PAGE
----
What is a designation of health care surrogate?  

A designation of health care surrogate is a health care advance directive document that enables the maker to legally authorize a chosen person to make health care decisions if needed. Designation of a health care surrogate can avoid the loss of time that could occur with attempts to find a proxy decision-maker or set up a guardianship, can help avoid the possibility of unwanted persons becoming decision-makers under the proxy law and the uncertainty of who might be able to make decisions as guardian, and can help avoid the expense and loss of rights involved in guardianship.   Because the health care surrogate is required by law to make decisions as the principal would have decided, if those decision are known, it also can help to preserve independent decisions of the principal even when he is incapacitated to speak for himself.

When is a health care surrogate able to make decisions for me?

Under a traditional health care surrogate designation, the surrogate can only make decisions for the principal if the principal’s doctor has determined the principal is unable to make his own decisions at that time, and the doctor has noted that in the medical record. If there is any question as to the principal’s capacity to make his own decisions, the doctor must consult with another physician and agreement that the principal is incapacitated must be entered in the patient’s medical record before the surrogate can act. Since 2015, Florida law has allowed a principal to either make that traditional type of health care surrogate designation or in the alternative, one that allows the surrogate to make health care decisions for the principal at any time. However, even if the surrogate is granted that right to make decisions at any time, the doctor must consult with a principal who is still capacitated and if there is any difference of opinion, the principal’s decision overrules that of the surrogate. Another change in the law in 2015 gives the option to a principal to choose in his designation document whether or not to authorize the named surrogate to be able to access the principal’s medical information at any time, regardless of whether the principal is authorizing the surrogate to make decisions at any time or only when the principal cannot make his own decisions.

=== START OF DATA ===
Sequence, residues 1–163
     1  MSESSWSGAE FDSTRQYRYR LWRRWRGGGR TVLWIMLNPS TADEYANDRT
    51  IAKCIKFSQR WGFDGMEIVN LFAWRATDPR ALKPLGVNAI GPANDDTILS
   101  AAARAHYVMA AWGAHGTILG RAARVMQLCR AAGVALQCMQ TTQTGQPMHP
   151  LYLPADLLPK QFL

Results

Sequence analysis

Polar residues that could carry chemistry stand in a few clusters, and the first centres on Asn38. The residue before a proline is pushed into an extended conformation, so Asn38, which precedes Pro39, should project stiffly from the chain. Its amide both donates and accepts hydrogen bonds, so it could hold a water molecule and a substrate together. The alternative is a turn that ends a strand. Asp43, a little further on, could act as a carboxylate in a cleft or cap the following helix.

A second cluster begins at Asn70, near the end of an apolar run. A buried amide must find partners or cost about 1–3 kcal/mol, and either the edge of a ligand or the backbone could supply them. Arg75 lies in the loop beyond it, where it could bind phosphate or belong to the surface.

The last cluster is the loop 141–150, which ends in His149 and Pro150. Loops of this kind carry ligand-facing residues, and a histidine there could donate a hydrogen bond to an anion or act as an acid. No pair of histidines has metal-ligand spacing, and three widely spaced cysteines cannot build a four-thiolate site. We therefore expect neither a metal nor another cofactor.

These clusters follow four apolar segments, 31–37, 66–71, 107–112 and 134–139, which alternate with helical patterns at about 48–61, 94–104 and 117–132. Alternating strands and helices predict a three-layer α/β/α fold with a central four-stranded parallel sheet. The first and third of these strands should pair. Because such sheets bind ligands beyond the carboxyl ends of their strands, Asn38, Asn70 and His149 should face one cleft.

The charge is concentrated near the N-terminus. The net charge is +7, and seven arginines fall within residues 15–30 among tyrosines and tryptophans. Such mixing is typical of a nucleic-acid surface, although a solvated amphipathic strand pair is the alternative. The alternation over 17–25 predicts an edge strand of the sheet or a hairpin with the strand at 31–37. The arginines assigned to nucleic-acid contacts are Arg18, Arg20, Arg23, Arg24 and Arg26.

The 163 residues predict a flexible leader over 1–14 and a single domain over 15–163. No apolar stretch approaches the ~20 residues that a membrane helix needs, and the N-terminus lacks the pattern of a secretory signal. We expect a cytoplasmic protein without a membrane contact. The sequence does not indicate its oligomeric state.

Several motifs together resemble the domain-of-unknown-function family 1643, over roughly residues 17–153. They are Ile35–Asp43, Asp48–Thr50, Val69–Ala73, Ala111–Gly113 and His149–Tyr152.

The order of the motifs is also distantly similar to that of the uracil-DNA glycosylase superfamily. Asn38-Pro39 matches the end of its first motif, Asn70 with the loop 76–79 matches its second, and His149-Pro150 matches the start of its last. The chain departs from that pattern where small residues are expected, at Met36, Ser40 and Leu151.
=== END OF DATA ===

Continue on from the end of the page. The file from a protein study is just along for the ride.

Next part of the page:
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Living Will

What is a living will?

A living will allows the principal to direct in advance what his personal decisions are regarding whether or not artificial life-prolonging procedures should be applied if the principal were to be in an end-of-life type situation or vegetative state. It can be specific or general. In addition to giving the principal more control over what will happen to him even at a time when he is unable to speak for himself, having a living will in place can avoid painful family conflict. It can give the patient’s family the comfort of knowing that they are allowing the loved one’s wishes to be followed and it relieves them of having to make those difficult decisions, themselves.